NFTs and payments: A frontier with lots of promise—and risk

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Time recently published three covers, though the magazine was participating in news more than reporting it. The covers were part of a sale, not on a newsstand but an auction of the cover art itself. The images were an NFT, or a non-fungible token, a heretofore fringe cousin of cryptocurrency.

NFTs reside as assets on a blockchain and are designed to tokenize something tangible, creating a one-to-one transaction between buyer and creator. The asset is the currency, with the creator earning revenue via the sale.

Most recently these sales have involved digital art. There’s Beeple, or the digital artist Mike Winkelmann, who sold a tokenized version of his art for nearly $70 million. Jack Dorsey this week sold the first-ever tweet for nearly $3 million as an NFT; and Time Magazine sold two older covers — 1966’s “Is God Dead?” and 2017’s “Is Truth Dead?” — and a special “Is Fiat Dead?” cover.

Beyond the buzz of these examples, NFTs have the potential to disrupt traditional notions of how transactions work. Much like bitcoin’s distributed ledgers found usage as a way to democratize cross-border multi-currency e-commerce by removing intermediaries like correspondent banks, NFTs can also circumvent or remove gatekeepers such as auction houses and app stores. Rivals to NFTs would be firms like Patreon, which processes payments between fans and artists. In an email, Patreon said it’s not engaged in the NFT market.

Digital artist Mike Winkelmann, known as “Beeple,” soled a tokenized version of his artwork for nearly $70 million.


The potential is there to use NFTs to further decentralize digital commerce. But there’s also a risk of laundering and other security issues, given the NFT transaction world resides mostly outside of regulation and is even further afield from the mainstream than bitcoin.

“The demand for art, collectibles and music in the form of NFTs will drive people into the crypto market to get the money necessary to buy the hot, shiny thing they are burning to own,” said William Noble, chief technical analyst for Token Metrics, who says there’s a larger use case beyond art. “NFTs have the potential to become collateral for lending and currency itself. Anything you can do with traditional assets like stocks and real estate, you may potentially be able to do with NFTs.”

NFTs are mostly supported through Ethereum’s blockchain, though other blockchains have their own versions. The concept has existed for years, though until recently has not been mainstream, and has been mostly associated with the CryptoKitties virtual card game and odd celebrity auctions such as William Shatner “cards.”

“The NFT market has created an ‘I don’t give a damn’ phenomenon in the sense that people don’t care what currency they need to buy the NFT,” said Noble, saying people can open an account with Coinbase Pro and use Ether as currency to buy an NFT. “Oridinarily, they may not care about Ethereum as an investment, [but] they do care because it’s a way to get what’s hot. Think back to the 1980s. How many people would have converted dollars into another currency to get the latest pair of Air Jordans? Plenty.”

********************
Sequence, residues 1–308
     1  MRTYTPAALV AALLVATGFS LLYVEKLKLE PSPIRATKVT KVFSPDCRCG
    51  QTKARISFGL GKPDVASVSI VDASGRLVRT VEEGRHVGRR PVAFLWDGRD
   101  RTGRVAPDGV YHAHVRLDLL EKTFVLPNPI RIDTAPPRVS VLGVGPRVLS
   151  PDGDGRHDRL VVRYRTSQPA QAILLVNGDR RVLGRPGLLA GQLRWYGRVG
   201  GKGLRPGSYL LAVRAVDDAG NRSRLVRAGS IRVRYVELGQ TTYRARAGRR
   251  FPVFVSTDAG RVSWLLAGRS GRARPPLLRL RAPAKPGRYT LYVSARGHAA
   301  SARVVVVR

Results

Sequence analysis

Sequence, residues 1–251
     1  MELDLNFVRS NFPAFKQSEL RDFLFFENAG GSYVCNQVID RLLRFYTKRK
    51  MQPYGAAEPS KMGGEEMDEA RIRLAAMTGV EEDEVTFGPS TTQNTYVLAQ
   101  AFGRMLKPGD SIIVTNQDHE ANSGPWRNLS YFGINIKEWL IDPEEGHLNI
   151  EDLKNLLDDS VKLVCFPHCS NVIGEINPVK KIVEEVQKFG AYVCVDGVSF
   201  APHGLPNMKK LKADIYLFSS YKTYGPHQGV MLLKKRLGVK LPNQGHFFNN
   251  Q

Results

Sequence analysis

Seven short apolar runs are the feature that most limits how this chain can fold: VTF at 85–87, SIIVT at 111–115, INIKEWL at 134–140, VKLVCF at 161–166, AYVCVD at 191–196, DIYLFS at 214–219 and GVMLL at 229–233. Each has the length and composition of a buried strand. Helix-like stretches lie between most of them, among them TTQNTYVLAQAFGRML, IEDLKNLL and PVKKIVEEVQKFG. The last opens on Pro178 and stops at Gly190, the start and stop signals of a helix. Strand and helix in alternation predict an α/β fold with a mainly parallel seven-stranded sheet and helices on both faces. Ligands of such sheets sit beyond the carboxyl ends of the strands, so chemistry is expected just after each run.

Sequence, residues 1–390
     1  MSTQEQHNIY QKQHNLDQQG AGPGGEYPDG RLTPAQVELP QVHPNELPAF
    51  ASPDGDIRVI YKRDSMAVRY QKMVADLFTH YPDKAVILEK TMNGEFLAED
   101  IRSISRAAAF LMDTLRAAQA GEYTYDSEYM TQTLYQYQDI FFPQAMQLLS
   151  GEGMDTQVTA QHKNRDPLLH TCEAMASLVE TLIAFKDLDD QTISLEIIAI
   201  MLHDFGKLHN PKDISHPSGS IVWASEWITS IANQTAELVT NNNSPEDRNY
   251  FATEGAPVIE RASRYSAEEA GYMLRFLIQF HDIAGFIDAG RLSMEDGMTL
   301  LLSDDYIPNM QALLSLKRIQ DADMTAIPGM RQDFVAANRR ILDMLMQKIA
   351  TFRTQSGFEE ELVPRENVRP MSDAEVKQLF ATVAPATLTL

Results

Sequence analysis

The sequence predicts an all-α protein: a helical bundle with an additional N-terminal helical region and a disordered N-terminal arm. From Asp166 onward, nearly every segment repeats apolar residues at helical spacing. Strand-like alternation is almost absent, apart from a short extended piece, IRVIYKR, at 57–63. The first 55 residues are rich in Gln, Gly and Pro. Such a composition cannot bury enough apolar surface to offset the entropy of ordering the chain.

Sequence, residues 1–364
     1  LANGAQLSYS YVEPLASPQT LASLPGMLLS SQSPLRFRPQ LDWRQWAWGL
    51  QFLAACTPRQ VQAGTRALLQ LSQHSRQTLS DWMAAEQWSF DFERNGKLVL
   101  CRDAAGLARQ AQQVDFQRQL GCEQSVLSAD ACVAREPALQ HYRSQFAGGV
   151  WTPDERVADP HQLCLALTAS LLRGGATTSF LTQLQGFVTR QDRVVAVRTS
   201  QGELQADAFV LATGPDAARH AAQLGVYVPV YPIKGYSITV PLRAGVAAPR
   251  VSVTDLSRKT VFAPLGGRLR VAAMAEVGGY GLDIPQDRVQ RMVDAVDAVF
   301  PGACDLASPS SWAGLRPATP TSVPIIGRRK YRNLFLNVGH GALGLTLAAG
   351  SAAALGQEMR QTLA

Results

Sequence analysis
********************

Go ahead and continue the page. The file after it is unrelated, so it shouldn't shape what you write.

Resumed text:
For mainstream payments, or usage as currency at a store to buy a product, NFTs have little support. But the concept is something mainstream payment processors need to pay attention to because NFTs create an option beyond traditional currencies. Along with stablecoin projects like the Facebook-affiliated Diem, NFTs operate outside of banks, card companies and direct central bank oversight.

“NFTs give more credence to the national conversation around the need for digital currencies, and expand use cases of blockchain technology,” said Rachel Huber, a senior analyst at Javelin Strategy & Research.

As a category, creators like musicians and artists can also be advantageous clients for a payment company, providing potential for NFT auction operators to collaborate with payment companies, or vice versa, to provide greater services for clients.

Square recently acquired digital music service Tidal, gaining access to a roster of artists that can access a suite of financial services. Writing for PaymentsSource, Tarun Bhasin, CEO of Kunai, said the endgame for Tidal will be a mix of NFTs and Square products to support an entire artist community, with a decline of existing financial services and artist distribution networks in favor of a decentralized more widely accessible model.

“It’s what you saw when Square bought Tidal. This new tech provides a way for creatives to get paid,” said Charles Delingpole, founder and CEO of ComplyAdvantage. “The financial flow to creators is programmable money that is super useful for a payment company.”

That said, NFTs are a burgeoning industry with a lack of regulations and oversight by design as it is blockchain-based, like cryptocurrencies, according to David Pickett, a senior cybersecurity analyst at Zix.

“The security implications will exponentially increase as user adoption grows with new attack vectors continuously discovered. Threat actors are motivated opportunists who will attempt to pilfer any asset, physical or digital, that holds value,” Pickett said.

Attackers recently hit a Nifty Gateway NFT account, and the hackers purchased and transferred the NFTs out. The cash was recovered but the actual NFTs were lost to the crooks, who sold the NFTs to a buyer on another platform.

“There are legal loopholes that exist in the industry that will allow some to operate with impunity in certain scenarios,” Pickett said, adding the top NFT platforms will likely be spoofed to steal credentials and install malware. “Remote access trojans are extremely popular attacks that allows the attacker full remote control over the compromised machine.”